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Friday, June 10, 2016

Ali's greatness was grappling with hearts and history

Photo by Kurk D. Johnson and enhanced by Tomi Johnson
All praise to the Creator who sends us messengers, great and small, who draw us closer in love despite success or failure.---Tomi Johnson

Mohammed Ali was the only fighter to be heavyweight champion three times. He was memorable because he made many hearts flutter and break inside and outside the ring. Three times boxing champion; four times married. 

Ali claimed to be the greatest, but his real message was that if you reach for greatness in whatever you love doing, you can grasp it for yourself!

Ali never lost his fight for the hearts of people all over the world, including the ones he loved and divorced. Ali never forgot where he came from and the history of Afro Americans in the United States, although he became a HOPE international ambassador loved by many, regardless of age or race or background. He was a titan who, like all of us, returns to God. 
Photo by Tomi Johnson, Ali Center, Louisville, Ky.
What I remember most about Ali was his huge hands, big eyes, trash-talking, warm heart, and flirtatious nature. I personally encountered him in the basement of Denzimore Robinson's private home in Huntsville, Alabama.  He asked us two questions in slurred speech: "You from Louisville?" he said after we told him we were from Kentucky. "Where are you going?" he asked as we were leaving the party. He seemed to be enamored with my niece who was young and beautiful. This was in the early 1980s.

Photo by Tomi Johnson, Ali Center, Louisville, Ky.
As I reflect back on Mohammed Ali (Cassius Marcellus Clay, Jr.), I remember reading about his successes and challenges both inside boxing rings and love arenas, in Jet and Ebony magazines which were reading staples in our household. 

The articles I remember focused on his boxing titles, his failed first marriage, his religion and name changes, his refusal to fight in Vietnam, his many women, his bout in Africa, his 1978 boxing defeat to Leon Spinks, his severe medical diagnosis of Parkinson's disease; his faithful wife, Lonnie.

After traveling to his museum this Memorial Day weekend, I learned he had transitioned six days later.

Ali flashpoints:  

Photo by Tomi Johnson, Ali Center, Louisville, Ky.
He received a gold medal at the 1960 Olympic Games in Rome. His professional boxing debut was against Tunney Husaker on October 29, 1960.  

He defeated  Sonny Liston in six rounds to become heavyweight champ on February 25, 1964. He met Sonji Roi, a singer/model/waitress, in July 1964 and asked her to marry him the first night they met. They married one month later.
Photo by Tomi Johnson, Ali Center, Louisville, Ky.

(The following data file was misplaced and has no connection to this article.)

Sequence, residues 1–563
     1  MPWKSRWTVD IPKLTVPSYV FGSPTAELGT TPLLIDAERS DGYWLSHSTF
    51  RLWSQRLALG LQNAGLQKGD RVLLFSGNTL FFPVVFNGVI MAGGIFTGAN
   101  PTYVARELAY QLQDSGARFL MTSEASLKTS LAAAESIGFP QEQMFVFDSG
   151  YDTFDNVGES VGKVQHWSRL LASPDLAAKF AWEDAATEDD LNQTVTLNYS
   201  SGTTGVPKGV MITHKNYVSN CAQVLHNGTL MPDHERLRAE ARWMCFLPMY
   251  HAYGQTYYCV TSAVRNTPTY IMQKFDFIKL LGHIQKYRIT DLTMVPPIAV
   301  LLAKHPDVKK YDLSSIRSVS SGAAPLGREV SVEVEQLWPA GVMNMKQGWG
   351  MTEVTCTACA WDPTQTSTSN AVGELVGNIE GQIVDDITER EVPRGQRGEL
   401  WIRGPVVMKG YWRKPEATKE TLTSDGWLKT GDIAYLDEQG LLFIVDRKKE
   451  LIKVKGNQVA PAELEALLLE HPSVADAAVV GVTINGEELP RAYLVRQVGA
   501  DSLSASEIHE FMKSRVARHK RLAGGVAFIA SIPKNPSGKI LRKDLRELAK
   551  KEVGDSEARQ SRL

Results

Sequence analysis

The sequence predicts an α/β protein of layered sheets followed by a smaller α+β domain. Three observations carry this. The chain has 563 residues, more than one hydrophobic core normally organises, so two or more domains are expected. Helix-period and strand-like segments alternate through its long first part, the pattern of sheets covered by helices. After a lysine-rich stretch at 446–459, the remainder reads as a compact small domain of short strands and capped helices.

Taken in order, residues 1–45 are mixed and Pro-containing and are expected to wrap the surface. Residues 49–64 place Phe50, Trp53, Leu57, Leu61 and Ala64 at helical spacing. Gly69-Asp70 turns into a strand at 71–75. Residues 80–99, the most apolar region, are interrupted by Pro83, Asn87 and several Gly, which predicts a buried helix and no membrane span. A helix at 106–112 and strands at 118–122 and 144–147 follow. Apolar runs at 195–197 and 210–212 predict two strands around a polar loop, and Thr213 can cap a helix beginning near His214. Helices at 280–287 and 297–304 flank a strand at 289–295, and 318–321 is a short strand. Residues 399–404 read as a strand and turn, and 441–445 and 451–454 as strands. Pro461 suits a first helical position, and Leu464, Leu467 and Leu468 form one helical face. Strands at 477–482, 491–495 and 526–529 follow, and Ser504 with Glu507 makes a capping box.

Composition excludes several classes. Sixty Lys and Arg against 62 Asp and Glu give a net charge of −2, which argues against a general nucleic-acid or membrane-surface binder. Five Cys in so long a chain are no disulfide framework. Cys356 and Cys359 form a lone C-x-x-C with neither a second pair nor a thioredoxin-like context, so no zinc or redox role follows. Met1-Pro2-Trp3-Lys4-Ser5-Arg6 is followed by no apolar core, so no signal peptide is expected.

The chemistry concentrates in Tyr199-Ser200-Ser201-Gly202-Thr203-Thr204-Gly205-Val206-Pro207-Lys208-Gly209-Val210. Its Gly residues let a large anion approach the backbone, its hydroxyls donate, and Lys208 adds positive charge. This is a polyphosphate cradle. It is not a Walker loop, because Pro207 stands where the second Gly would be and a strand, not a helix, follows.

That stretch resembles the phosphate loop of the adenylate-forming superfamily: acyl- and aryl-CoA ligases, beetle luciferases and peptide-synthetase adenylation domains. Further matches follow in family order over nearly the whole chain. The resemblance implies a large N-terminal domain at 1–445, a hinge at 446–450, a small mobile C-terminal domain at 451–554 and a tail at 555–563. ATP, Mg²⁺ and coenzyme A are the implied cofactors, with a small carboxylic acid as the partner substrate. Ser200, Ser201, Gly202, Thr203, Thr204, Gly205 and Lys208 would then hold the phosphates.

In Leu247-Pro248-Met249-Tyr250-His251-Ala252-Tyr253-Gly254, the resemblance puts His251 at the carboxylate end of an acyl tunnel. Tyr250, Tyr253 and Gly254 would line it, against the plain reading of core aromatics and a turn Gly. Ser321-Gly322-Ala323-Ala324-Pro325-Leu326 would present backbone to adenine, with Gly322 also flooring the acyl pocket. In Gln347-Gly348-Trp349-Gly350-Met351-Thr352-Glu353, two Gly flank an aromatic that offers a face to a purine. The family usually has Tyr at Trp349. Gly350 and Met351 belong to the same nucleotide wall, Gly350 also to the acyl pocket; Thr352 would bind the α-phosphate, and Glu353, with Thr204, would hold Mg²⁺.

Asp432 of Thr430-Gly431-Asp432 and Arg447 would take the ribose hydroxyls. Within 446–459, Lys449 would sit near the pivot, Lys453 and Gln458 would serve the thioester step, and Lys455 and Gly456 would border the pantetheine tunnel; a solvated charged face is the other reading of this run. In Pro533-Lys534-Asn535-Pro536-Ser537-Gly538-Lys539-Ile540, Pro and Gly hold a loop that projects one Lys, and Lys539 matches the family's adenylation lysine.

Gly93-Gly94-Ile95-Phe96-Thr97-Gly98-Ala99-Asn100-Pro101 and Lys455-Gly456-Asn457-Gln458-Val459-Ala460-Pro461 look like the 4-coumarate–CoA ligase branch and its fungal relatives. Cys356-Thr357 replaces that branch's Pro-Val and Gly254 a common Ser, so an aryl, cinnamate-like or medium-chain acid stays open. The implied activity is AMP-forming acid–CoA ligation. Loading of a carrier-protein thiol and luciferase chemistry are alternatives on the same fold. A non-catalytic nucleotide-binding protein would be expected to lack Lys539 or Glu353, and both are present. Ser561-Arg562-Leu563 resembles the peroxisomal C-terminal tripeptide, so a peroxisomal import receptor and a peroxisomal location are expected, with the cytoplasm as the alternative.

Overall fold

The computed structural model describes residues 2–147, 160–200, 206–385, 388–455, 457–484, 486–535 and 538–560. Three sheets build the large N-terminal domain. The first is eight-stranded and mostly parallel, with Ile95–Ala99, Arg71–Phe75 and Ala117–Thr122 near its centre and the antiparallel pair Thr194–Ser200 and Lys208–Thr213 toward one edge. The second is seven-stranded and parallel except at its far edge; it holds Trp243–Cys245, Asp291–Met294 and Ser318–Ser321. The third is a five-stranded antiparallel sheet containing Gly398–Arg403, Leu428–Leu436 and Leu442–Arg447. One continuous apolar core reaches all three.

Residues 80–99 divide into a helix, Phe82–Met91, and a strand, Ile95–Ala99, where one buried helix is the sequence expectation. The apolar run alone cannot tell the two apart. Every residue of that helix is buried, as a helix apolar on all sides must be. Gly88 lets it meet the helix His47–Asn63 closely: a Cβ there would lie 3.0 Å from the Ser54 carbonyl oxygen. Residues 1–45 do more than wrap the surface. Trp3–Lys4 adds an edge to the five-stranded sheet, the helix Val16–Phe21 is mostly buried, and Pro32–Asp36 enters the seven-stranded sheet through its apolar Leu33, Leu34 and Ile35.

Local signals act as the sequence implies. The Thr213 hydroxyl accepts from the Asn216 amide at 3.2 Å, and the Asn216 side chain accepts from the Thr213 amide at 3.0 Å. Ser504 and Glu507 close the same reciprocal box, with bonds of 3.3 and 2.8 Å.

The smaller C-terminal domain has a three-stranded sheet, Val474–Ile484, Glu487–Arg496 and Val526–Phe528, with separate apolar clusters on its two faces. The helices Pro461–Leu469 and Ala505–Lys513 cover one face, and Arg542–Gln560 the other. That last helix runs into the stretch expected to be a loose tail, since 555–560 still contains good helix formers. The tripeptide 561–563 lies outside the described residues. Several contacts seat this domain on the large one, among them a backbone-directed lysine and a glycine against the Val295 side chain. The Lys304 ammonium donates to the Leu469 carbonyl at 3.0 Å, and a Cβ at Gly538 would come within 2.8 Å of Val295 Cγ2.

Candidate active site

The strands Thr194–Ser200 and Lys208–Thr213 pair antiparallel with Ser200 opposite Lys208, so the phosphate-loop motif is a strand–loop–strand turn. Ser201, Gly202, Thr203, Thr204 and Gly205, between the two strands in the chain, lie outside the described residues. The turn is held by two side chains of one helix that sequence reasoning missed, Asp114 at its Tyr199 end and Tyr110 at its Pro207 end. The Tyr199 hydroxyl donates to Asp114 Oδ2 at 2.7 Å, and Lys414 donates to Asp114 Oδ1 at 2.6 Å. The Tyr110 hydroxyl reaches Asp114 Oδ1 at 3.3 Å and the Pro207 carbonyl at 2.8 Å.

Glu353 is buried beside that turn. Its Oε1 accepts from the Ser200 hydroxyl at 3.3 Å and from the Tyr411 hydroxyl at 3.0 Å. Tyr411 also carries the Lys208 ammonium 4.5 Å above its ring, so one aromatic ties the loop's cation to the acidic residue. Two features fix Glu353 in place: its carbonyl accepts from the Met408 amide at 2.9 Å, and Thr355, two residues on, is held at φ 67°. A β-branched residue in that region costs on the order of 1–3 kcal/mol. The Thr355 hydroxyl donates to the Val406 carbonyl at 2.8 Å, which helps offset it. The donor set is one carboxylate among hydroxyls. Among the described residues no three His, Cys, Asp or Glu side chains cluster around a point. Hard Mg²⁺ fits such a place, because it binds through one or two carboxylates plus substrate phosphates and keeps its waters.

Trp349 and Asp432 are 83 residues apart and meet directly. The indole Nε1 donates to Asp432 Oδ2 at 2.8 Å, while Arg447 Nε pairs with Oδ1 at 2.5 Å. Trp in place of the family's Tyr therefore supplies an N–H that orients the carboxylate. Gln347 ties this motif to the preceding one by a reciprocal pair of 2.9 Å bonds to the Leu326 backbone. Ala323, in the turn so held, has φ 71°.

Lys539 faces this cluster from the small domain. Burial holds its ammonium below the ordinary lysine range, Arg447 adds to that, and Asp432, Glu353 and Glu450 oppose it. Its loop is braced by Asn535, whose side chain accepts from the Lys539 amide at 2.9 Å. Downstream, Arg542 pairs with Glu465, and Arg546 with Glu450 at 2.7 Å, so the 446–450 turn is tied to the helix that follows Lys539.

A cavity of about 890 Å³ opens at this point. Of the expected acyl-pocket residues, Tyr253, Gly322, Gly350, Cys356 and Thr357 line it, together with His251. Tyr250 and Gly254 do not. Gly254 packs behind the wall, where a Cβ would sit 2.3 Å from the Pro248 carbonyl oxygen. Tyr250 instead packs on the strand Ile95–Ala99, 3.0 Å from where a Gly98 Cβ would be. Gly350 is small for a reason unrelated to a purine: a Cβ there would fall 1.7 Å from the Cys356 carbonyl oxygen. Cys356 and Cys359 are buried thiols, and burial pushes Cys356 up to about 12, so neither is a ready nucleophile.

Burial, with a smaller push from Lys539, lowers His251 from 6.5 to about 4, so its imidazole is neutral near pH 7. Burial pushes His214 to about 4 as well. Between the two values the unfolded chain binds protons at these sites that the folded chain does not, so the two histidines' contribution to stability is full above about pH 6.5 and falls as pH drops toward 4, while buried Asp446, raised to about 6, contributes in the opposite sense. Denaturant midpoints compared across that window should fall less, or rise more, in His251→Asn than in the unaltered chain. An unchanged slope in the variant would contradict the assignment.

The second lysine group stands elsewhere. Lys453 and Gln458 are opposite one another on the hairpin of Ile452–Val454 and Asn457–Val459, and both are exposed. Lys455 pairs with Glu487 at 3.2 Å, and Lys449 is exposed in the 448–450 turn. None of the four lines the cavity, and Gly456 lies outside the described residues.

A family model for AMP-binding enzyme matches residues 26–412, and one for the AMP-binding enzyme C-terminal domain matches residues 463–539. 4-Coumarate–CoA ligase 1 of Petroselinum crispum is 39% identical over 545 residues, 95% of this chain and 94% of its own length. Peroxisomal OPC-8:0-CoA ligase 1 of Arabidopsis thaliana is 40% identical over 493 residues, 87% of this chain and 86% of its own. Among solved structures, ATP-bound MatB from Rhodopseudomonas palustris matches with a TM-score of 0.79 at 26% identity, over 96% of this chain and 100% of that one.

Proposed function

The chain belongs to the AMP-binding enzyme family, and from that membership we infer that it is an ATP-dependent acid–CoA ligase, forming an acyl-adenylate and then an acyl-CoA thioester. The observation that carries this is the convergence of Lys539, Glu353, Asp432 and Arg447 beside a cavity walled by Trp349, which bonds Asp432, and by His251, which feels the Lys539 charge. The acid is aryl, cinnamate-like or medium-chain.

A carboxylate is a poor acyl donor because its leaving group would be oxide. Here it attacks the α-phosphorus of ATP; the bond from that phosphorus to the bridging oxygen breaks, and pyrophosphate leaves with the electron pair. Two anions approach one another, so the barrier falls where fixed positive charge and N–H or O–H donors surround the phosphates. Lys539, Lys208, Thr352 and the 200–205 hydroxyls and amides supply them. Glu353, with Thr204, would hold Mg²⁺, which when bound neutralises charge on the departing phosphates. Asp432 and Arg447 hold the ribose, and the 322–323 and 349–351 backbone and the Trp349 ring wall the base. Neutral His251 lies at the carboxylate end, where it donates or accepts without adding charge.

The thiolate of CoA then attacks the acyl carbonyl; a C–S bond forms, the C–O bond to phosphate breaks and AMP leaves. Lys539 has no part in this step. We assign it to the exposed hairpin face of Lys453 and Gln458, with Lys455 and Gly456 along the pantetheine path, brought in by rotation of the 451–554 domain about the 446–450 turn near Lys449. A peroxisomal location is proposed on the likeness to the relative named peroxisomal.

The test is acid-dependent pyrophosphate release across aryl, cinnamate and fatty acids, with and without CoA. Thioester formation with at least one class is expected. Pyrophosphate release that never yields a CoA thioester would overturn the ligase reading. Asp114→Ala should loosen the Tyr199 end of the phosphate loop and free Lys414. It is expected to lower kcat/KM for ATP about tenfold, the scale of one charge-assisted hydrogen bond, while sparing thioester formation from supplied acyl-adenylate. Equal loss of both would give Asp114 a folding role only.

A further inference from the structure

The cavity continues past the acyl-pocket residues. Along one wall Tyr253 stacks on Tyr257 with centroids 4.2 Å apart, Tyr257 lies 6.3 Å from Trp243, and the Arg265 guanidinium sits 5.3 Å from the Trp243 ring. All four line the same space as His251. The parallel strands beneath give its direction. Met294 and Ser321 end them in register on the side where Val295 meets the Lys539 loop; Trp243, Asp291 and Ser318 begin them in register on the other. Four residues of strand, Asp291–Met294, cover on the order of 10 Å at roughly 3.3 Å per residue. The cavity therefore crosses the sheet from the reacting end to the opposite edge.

He embraced Islam in 1965 and divorced Roi in 1966. He refused to be inducted into the U.S. Army and was stripped of his heavyweight title on April 28, 1967. He was convicted of draft evasion on June 20, 1967, sentenced to five years in prison, fined $10,000, and banned from boxing for three years. 

Photo by Tomi Johnson, Ali Center, Louisville, Ky.
He married 17-year old Belinda Boyd (Khalilah) in 1967 and divorced her ten years later after having four children. He stayed out of prison as his case was appealed and returned to the ring on October 26, 1970, knocking out Jerry Quarry in Atlanta in the third round. 

He fought Joe Frazier in the “Fight of the Century” on March 8, 1971and lost after 15 rounds, the first loss of his professional boxing career. His conviction for evading the draft was overturned by the U.S. Supreme Court on June 28, 1971.

Photo by Tomi Johnson, Ali Center, Louisville, Ky.
He received a robe from Elvis in 1973. He defeated Frazier in a rematch January 24, 1974 by decision in 12 rounds at New York City’s Madison Square Garden. He beat George Foreman on October 30, 1974 of that same year and reclaimed his heavyweight champion belt at the hugely hyped “Rumble in the Jungle” in Kinshasa, Zaire, with a knockout in the eighth round. 

He beat Joe Frazier for a third time at the “Thrilla in Manila” in the Philippines  in 14 rounds on October 1, 1975 where it was rumored  he was dating Veronica Porsche. His 2nd wife, Khalilah Ali, spoke in an October 30, 1975 Jet interview, saying she would rather "share him than lose him...Ali is a sex symbol; women love him," she said.

He lost his title to Leon Spinks in a 15-round split decision. He married Veronica Porsche in 1977 and divorced her in 1986 after having two daughters, one who is Laila Ali, also a boxer. He won back his boxing title on February 15, 1978.

He announced he was retiring from boxing in June 1979 but returned to the ring on October 2, 1980, fighting heavyweight champ Larry Holmes who knocked him out in the 11th round. He left the ring for the final time, with a 56-5 record after losing to Trevor Berbick on December 11, 1981.

He revealed he had Parkinson’s disease in 1984. He married Yolanda "Lonnie" Williams in 1986, and she was his wife until the day he died. He carried the Olympic Torch in Atlanta at the opening ceremony of the 1996 Olympics.
Photo by Tomi Johnson, Ali Center, Louisville, Ky.

Ali lost his last fight against death in Arizona at Scottsdale Healthcare Osborn Medical Center on June 3.

It's awesome how death brings us closer to our heroes.
Me with Ali's Rolls at Center. (Photo by Kurk D. Johnson)
Additional info. researched from and


  1. GC says: Thousands lined the streets on a nineteen mile procession and the memorial service is something the world should see!!!


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